Challenge to Elon Musk: Amazon set to launch first Kuiper internet satellite

Amazon set to lauch first Kuiper internet satellite

Amazon is gearing up for a significant step in its ambitious Project Kuiper, set to launch two satellites in its inaugural test mission this Friday. This strategic move is part of Amazon’s grand vision to deliver internet services from space, putting it in direct competition with Elon Musk’s Starlink service.

The launch operation will be entrusted to the Atlas V rocket, orchestrated by the United Launch Alliance (ULA), and it’s slated to commence within a two-hour window, beginning at 2:00 pm local time (1800 GMT) from the Kennedy Space Center in Florida.

Once fully operational, Amazon’s Project Kuiper aims to offer rapid and cost-effective broadband connectivity to underserved and unserved communities globally. Their vision revolves around deploying an extensive constellation of over 3,200 satellites in low Earth orbit (LEO) to accomplish this mission.

Remarkably, this marks Amazon’s maiden voyage into space satellite deployment, and Rajeev Badyal, Project Kuiper’s vice president of technology, emphasizes that they are poised to gain invaluable insights regardless of the mission’s outcome.

The initial operational satellites for Project Kuiper are slated for launch in early 2024, with the first customer tests anticipated by the end of the following year. The upcoming test mission on Friday aims to establish contact with Earth-based probes, unfurl solar panels, and verify the proper functioning of all instruments at designated temperatures.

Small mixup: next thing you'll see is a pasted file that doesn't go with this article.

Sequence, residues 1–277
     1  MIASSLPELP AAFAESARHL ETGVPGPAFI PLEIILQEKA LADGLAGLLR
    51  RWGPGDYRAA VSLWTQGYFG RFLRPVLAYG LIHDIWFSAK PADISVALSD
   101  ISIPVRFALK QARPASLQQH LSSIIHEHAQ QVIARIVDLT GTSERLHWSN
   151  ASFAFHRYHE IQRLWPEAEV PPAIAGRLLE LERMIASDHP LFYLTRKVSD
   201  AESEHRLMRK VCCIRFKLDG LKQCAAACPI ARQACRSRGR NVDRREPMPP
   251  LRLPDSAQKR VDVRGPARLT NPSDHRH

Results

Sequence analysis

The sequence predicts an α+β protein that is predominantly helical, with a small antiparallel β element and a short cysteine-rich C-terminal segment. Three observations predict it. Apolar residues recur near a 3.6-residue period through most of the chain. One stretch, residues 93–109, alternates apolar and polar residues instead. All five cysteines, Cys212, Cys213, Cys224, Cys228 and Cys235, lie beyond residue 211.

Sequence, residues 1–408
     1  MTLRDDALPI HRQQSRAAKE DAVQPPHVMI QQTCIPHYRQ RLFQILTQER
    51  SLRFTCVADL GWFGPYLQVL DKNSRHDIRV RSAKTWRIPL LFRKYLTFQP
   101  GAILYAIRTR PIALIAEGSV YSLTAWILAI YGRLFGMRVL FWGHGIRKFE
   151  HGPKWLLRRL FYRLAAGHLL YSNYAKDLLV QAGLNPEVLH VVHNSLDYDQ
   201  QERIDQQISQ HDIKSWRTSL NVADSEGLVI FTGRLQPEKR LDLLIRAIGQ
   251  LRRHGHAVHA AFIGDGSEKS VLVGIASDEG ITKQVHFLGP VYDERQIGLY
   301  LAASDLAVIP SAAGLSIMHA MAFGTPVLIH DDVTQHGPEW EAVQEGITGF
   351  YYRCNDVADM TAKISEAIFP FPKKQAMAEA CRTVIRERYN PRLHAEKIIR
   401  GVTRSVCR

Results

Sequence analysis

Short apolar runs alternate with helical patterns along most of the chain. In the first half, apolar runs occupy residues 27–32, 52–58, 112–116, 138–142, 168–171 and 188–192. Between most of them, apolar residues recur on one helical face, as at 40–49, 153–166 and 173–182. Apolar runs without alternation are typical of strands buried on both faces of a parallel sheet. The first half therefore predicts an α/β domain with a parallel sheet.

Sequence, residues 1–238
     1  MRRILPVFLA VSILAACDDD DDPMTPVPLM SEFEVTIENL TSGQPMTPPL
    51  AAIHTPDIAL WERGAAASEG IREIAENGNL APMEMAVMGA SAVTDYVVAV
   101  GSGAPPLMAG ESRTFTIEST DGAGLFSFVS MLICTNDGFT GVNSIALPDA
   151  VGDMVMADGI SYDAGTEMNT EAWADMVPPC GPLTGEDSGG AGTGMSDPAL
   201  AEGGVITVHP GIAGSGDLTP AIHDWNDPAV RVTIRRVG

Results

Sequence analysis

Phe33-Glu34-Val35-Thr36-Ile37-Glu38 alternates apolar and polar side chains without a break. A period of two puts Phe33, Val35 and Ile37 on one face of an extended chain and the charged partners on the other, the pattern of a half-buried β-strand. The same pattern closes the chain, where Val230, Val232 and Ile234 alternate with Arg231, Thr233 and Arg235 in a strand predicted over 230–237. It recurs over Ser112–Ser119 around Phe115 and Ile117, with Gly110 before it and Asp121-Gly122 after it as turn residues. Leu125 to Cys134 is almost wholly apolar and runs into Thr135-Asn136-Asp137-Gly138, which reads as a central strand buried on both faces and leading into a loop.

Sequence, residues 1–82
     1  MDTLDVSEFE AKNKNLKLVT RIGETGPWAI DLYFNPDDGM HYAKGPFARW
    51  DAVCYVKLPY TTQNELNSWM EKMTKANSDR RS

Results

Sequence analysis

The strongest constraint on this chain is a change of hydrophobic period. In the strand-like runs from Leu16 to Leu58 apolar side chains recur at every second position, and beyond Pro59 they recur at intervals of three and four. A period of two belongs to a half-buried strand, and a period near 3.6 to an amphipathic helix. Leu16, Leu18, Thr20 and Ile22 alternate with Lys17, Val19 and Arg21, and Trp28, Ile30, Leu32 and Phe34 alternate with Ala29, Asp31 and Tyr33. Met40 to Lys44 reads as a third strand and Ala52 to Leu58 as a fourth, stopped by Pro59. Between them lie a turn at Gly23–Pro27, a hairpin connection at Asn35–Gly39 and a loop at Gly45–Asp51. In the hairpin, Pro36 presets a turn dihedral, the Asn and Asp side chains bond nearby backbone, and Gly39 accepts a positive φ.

Following the test mission, the two prototypes will be deliberately deorbited and disintegrated within Earth’s atmosphere.

While Musk’s SpaceX is a formidable player in this arena, having launched a substantial fleet of Starlink satellites since 2019, other contenders like OneWeb and now Amazon are vying to connect remote and underserved regions worldwide, including those in conflict zones or disaster-stricken areas.

The strategic importance of space internet services has also captured the attention of governments. China, for instance, plans an impressive constellation of 13,000 satellites known as GuoWang, Canada’s Telesat is eyeing an additional 300, and German startup Rivada has its sights set on 600. These endeavors are in addition to the European Union’s Iris project comprising 170 satellites and the planned deployment of 300-500 satellites by the US military’s Space Development initiative.